The pandemic accelerated edtech innovations as K-12 and colleges everywhere went virtual. But the future of edtech is not confined to schools. Covid-19 is also pushing education to the forefront in the office setting.
San Francisco-based multi-stage investor Owl Ventures increasingly sees more willingness to embrace edtech in the professional setting as the new normal of hybrid working settles in.
Ian Chiu, managing director at the edtech-focused firm, said that people can no longer rely on their college or graduate degrees to prove they are skilled. Thus, many companies are turning to more training. But, as offices seek to create safe work environments, the old way of training employees is rapidly becoming a thing of the past.
“A huge trend for us is this focus on skill,” Chiu said. “There are easily hundreds of millions of learners in this category that intersect in the professional world and education is a big, big, strategic lever and market. It’s going to be a big trend going forward.”
He added that the era where people gathered in hotel conference rooms for training has come and gone. In the next five to 10 years, employee upskilling will move online.
In September 2020, Owl Ventures closed $585 million in new funds to continue investing in edtech opportunities.
Owl Ventures has already invested in several projects bringing edtech to offices. One of its portfolio companies is SV Academy, which offers online training for underserved communities to learn skills for technology jobs. It also co-led the $30.75 million Series A round in Class Technologies, which integrates learning applications with Zoom.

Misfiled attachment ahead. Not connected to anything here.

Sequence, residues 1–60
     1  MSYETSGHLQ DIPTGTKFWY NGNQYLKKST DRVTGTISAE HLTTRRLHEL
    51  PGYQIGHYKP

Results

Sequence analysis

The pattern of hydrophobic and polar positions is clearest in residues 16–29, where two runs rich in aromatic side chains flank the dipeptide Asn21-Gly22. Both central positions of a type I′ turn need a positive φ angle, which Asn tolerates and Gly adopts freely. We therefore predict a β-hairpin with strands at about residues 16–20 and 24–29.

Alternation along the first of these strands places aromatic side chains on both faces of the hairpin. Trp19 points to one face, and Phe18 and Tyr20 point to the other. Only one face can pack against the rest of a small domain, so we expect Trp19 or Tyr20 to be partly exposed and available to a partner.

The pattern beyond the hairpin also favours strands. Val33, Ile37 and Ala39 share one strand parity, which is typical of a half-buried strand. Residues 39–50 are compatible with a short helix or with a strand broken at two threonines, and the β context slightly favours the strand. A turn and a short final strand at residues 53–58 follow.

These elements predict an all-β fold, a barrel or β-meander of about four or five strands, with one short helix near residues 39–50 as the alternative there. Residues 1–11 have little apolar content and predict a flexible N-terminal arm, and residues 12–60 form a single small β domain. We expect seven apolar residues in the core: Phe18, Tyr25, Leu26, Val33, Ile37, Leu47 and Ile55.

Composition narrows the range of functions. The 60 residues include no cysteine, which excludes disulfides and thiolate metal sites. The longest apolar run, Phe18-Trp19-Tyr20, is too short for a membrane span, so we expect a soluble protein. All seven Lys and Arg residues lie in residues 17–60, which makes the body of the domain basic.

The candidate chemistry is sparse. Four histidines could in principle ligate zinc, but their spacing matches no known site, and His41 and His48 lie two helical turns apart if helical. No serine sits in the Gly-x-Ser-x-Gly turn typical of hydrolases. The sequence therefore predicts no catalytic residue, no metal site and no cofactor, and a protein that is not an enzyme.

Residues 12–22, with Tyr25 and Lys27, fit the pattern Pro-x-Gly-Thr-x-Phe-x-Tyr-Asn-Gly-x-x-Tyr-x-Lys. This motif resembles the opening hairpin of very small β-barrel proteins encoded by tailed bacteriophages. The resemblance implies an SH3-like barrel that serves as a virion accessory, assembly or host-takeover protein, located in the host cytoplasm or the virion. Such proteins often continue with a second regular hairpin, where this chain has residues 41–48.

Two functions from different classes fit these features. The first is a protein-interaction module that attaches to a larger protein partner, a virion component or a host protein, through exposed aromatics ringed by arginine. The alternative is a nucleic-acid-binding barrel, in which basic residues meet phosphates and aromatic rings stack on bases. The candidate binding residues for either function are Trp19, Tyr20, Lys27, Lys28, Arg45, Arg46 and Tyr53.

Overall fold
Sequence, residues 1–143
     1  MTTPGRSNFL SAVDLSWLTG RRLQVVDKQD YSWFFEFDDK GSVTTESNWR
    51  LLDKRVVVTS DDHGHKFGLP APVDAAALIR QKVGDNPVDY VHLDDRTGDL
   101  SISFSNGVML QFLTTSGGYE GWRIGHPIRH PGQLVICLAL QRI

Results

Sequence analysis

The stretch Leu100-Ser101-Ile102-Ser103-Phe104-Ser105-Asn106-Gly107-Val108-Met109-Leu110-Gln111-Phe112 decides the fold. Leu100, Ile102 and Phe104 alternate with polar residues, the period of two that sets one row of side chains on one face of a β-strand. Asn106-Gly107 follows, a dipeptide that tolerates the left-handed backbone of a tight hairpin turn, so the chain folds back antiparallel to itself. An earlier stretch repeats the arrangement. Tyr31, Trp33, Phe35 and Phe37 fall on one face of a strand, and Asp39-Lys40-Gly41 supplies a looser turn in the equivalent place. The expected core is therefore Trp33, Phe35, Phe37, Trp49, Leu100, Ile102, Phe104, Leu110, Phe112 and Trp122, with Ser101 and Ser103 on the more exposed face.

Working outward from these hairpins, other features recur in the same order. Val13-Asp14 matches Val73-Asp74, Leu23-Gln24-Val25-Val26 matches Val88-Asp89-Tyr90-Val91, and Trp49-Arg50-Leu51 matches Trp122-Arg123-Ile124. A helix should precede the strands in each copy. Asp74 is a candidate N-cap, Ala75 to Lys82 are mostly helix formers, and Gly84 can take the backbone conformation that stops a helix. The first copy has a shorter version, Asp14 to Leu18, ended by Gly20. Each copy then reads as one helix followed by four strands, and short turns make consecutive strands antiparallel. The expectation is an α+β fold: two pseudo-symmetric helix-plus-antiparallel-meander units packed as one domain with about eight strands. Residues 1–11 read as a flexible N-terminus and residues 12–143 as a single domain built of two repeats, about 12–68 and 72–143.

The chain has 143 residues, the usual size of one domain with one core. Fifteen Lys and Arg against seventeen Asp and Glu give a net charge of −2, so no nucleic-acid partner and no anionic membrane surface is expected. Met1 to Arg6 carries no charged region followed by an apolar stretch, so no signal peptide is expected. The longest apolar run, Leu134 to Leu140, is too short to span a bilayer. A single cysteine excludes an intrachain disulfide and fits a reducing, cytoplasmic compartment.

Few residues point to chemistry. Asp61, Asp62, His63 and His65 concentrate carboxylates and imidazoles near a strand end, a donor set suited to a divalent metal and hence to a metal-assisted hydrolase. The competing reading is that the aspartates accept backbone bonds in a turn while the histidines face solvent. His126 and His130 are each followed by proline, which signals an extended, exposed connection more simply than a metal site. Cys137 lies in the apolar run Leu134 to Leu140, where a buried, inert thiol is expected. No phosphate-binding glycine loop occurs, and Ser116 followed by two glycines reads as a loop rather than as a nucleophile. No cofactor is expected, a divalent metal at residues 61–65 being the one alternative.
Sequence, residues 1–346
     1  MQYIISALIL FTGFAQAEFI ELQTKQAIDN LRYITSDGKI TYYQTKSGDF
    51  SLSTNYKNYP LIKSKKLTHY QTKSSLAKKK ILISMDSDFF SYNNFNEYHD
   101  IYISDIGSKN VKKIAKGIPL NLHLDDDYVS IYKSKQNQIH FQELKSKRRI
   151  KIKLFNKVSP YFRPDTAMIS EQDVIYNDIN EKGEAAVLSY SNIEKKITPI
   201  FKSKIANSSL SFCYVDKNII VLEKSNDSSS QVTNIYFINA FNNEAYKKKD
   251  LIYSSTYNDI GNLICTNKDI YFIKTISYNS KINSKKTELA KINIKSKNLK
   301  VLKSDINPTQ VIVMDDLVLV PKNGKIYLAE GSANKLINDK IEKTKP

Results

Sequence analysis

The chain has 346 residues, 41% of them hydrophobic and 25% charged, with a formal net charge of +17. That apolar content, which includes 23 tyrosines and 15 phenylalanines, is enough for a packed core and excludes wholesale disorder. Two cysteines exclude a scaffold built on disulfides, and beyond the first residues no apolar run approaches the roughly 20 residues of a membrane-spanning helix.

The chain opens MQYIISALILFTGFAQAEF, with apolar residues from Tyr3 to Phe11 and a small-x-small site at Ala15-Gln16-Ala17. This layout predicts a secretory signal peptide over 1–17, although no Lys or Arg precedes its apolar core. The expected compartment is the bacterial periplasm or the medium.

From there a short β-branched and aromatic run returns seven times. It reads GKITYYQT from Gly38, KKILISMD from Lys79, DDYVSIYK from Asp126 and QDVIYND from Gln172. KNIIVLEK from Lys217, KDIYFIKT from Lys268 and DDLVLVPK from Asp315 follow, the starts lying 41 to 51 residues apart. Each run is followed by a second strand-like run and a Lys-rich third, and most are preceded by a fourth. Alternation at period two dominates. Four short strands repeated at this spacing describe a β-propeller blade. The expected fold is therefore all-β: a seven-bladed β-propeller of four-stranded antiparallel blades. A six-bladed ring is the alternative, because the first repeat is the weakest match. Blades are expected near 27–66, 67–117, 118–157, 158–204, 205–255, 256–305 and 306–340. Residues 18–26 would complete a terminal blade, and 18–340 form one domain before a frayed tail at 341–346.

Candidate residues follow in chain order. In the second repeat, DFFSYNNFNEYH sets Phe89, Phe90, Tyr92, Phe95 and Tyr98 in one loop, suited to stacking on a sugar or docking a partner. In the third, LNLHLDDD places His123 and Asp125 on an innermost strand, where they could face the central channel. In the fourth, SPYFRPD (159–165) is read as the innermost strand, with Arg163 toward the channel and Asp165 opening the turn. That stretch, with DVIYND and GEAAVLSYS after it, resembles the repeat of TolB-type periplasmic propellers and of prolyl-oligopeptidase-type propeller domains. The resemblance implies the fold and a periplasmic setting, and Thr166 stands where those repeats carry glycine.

The edtech sector is one of the many growing areas that investors have targeted during the pandemic. Data from S&P Global Intelligence noted that globally, edtech has raised $1.9 billion from venture capital in 2021 so far. The majority of this came from US-based companies, which put up $875.7 million.
Worldwide edtech growth
Venture Capital Journal previously reported that the edtech sector is experiencing a boom and is likely to inspire more exits this coming year. Owl Ventures has said it sees strong potential in online education and K-12.
Chiu said moving edtech more into the professional space expands its addressable audience, moving from traditional students to employees. For this reason, he said edtech is poised to grow even more.
“If you think about people who traditionally would take time away to go to graduate school or go offsite for a week, not everyone has the luxury of doing that,” he noted. “But once you empower people to do it more on the go or during breaks in windows that fit into their lives, you unlock hundreds of millions of folks.”
Owl Ventures is also seeing more companies grow internationally and plans to work with more founders seeking to provide more education opportunities abroad. Owl Ventures already invested in several start-ups working in Asia and Europe. One of these is Labster, a Danish company offering virtual access to labs. Chiu said Labster has partnered with colleges in Asia to allow students to use labs even if they don’t have physical access to one.
Tory Patterson, managing partner at Owl Ventures, said the pandemic accelerated the pace of edtech because more people saw the gaps in education and training.
“Not only are parents exposed to it, but teachers have been exposed to a lot of different digital technologies,” Patterson said. “For higher education and corporate training, things got really compressed by meaningful amounts of what otherwise would have taken much longer to have the ecosystem ready to adopt.”